Rejoice, Our Nature Christ Assumes

Representative Text

1 Rejoice, our nature Christ assumes;
Born of a virgin, lo, He comes,
As a Messiah fore-ordained.
Adore and wonder, every land!

2 He left His bright, His glorious throne;
He bowed the heavens, to earth came down,
And thus His wondrous race began,
As God with God and Man with man.

3 Behold, a great, a heavenly light,
From Bethlehem’s manger shining bright,
Around those who in darkness dwell,
The night of evil to dispel.

Source: Hymnal and Liturgies of the Moravian Church #62

Translator (German): Martin Luther

Luther, Martin, born at Eisleben, Nov. 10, 1483; entered the University of Erfurt, 1501 (B.A. 1502, M.A.. 1503); became an Augustinian monk, 1505; ordained priest, 1507; appointed Professor at the University of Wittenberg, 1508, and in 1512 D.D.; published his 95 Theses, 1517; and burnt the Papal Bull which had condemned them, 1520; attended the Diet of Worms, 1521; translated the Bible into German, 1521-34; and died at Eisleben, Feb. 18, 1546. The details of his life and of his work as a reformer are accessible to English readers in a great variety of forms. Luther had a huge influence on German hymnody. i. Hymn Books. 1. Ellich cristlich lider Lobgesang un Psalm. Wittenberg, 1524. [Hamburg Library.] This contains 8 German h… Go to person page >

Author: St. Ambrose

Ambrose (b. Treves, Germany, 340; d. Milan, Italy, 397), one of the great Latin church fathers, is remembered best for his preaching, his struggle against the Arian heresy, and his introduction of metrical and antiphonal singing into the Western church. Ambrose was trained in legal studies and distinguished himself in a civic career, becoming a consul in Northern Italy. When the bishop of Milan, an Arian, died in 374, the people demanded that Ambrose, who was not ordained or even baptized, become the bishop. He was promptly baptized and ordained, and he remained bishop of Milan until his death. Ambrose successfully resisted the Arian heresy and the attempts of the Roman emperors to dominate the church. His most famous convert and disciple w… Go to person page >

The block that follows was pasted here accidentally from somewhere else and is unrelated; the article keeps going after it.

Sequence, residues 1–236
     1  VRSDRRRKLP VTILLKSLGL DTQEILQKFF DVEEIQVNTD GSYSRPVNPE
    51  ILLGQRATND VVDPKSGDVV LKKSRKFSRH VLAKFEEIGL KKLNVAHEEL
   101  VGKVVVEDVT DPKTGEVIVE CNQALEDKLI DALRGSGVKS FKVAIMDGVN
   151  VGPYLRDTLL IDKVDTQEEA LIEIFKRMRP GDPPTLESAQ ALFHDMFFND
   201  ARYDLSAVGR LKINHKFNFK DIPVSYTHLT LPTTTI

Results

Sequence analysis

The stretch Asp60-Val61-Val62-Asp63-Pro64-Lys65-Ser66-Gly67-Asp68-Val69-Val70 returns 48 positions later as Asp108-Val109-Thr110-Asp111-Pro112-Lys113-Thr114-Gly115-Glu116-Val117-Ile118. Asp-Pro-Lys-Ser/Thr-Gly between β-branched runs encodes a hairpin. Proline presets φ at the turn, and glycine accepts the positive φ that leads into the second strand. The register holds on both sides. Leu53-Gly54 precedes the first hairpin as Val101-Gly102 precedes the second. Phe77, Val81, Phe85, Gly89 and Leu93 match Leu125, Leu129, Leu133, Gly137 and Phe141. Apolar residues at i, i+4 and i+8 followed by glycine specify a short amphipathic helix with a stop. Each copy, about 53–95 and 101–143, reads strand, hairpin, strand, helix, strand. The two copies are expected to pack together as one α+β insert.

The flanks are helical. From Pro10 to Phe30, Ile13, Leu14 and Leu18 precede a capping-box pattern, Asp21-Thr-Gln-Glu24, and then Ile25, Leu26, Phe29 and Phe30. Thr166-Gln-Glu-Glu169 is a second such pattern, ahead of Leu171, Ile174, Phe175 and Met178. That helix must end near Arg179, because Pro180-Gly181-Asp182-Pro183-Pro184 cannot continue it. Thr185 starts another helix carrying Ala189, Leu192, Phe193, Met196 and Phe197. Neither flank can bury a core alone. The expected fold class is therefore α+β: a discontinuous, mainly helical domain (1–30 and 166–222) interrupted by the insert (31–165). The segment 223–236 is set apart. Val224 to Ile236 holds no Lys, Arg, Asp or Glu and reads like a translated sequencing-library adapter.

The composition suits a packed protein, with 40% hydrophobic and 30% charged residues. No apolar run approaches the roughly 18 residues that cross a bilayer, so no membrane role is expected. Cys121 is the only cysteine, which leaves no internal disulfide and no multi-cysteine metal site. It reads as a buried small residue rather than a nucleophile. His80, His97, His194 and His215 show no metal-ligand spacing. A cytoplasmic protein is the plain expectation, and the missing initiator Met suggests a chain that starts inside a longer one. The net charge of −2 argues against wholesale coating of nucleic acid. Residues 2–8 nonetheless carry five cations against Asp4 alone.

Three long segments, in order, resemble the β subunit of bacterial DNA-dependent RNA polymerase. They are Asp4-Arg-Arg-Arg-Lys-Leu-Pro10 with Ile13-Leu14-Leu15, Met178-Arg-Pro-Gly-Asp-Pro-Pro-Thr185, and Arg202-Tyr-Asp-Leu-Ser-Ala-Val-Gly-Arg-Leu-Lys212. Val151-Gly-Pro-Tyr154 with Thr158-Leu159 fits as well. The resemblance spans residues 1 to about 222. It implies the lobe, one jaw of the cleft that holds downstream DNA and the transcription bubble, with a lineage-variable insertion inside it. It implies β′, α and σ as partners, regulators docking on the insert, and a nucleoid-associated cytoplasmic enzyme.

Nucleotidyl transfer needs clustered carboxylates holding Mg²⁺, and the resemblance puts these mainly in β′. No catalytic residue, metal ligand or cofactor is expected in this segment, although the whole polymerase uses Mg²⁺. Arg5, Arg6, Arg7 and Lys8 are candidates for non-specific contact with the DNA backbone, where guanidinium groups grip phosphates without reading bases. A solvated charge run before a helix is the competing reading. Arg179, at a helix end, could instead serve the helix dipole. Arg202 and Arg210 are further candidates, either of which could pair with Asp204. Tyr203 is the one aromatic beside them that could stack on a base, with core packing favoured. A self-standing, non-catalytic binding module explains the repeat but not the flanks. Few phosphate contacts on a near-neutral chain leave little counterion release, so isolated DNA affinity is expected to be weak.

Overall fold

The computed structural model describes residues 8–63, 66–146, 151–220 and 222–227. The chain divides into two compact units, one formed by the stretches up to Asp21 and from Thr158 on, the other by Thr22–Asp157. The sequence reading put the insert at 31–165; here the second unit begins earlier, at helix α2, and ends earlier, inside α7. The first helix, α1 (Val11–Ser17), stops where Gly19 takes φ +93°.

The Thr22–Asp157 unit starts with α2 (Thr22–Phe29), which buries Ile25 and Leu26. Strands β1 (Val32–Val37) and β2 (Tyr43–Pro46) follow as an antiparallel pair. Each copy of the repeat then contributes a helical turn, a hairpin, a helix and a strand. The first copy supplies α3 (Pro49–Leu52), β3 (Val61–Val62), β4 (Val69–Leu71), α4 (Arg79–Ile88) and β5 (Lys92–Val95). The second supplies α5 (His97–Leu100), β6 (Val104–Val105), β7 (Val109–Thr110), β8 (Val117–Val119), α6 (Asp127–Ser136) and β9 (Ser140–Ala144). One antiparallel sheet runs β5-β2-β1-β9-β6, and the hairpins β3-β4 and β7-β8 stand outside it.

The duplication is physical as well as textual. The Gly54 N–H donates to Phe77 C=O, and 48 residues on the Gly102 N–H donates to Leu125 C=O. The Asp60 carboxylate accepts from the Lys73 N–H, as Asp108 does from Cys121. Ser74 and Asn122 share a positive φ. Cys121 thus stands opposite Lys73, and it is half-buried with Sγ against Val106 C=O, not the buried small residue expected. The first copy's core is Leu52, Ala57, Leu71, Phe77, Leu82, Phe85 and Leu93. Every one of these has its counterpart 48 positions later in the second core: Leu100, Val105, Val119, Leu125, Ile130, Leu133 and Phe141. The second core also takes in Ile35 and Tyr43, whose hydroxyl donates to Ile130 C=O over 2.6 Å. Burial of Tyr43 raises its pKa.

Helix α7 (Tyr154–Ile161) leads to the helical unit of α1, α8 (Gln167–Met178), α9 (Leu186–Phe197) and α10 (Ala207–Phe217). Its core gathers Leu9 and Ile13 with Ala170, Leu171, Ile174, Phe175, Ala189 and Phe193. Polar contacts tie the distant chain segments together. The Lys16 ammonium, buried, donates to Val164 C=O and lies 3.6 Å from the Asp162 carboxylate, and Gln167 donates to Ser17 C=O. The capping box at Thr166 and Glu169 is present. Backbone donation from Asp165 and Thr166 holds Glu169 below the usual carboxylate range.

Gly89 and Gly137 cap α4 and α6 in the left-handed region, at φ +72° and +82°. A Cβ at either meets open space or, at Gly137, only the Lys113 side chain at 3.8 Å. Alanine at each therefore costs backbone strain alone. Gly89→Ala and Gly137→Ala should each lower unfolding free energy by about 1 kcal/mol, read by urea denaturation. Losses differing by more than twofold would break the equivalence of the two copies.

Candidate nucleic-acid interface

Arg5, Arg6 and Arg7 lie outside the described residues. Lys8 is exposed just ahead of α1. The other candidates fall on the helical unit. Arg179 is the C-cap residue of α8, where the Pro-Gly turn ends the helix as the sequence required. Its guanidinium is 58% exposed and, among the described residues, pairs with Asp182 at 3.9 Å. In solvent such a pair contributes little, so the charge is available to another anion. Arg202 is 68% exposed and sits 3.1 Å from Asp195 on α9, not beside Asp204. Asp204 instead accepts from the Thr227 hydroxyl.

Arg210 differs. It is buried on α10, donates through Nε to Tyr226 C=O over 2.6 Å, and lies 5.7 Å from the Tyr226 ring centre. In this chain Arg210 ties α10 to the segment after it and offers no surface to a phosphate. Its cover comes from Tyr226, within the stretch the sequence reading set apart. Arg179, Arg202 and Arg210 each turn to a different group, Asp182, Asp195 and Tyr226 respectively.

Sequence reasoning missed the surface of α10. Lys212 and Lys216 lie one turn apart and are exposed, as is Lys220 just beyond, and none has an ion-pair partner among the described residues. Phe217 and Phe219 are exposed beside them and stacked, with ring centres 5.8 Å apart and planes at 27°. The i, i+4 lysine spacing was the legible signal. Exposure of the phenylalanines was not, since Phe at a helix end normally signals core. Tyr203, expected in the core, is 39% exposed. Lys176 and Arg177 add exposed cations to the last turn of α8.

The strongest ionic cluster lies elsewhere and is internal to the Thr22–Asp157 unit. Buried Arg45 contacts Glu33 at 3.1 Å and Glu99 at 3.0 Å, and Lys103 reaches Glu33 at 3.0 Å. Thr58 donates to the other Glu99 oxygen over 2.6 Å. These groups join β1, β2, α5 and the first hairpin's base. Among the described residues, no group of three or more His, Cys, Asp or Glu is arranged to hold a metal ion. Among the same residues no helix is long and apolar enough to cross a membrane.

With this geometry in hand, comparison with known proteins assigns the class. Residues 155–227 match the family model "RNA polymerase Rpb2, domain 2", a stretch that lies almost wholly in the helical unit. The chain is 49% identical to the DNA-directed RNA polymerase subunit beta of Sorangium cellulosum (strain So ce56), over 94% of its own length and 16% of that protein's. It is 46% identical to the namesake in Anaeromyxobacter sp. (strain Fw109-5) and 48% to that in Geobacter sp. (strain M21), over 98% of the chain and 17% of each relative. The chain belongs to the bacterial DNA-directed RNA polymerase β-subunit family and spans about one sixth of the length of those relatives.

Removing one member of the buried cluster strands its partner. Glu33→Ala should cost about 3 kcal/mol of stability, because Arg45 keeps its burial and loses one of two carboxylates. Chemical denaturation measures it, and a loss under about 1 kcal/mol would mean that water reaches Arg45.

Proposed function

Translator (English): John Gambold

Gambold, John, M.A., was b. April 10, 1711, at Puncheston, Pembrokeshire, where his father was vicar. Educated at Christ Church, Oxford, where he graduated B.A. in 1730, M.A. in 1734. Taking Holy Orders, he became, about 1739, Vicar of Stanton Harcourt, Oxfordshire, but resigned his living in Oct. 1742, and joined the United Brethren [Moravians], by whom lie was chosen one of their bishops in 1754. He d. at Haverfordwest, Sept. 13, 1771. He published an edition of the Greek Testament; Maxims and Theological Ideas; Sermons, and a dramatic poem called Ignatius. About 26 translations and 18 original hymns in the Moravian Hymn Books are assigned to him. One or two of his hymns, which were published by the Wesleys, have been claimed for them, bu… Go to person page >

Text Information

First Line: Rejoice, our nature Christ assumes
Title: Rejoice, Our Nature Christ Assumes
German Title: Nun Komm der Heiden Heiland
Translator (German): Martin Luther
Author: St. Ambrose
Translator (English): John Gambold
Language: English
Copyright: Public Domain

Tune

VOM HIMMEL HOCH

Initially Luther used the folk melody associated with his first stanza as the tune for this hymn. Later he composed this new tune for his text. VOM HIMMEL HOCH was first published in Valentin Schumann's Geistliche Lieder in 1539. Johann S. Bach (PHH 7) used Luther's melody in three places in his wel…

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Timeline

Media

The Cyber Hymnal #8306
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  • Noteworthy Composer Score (NWC)

Instances

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The Cyber Hymnal #8306

Include 8 pre-1979 instances
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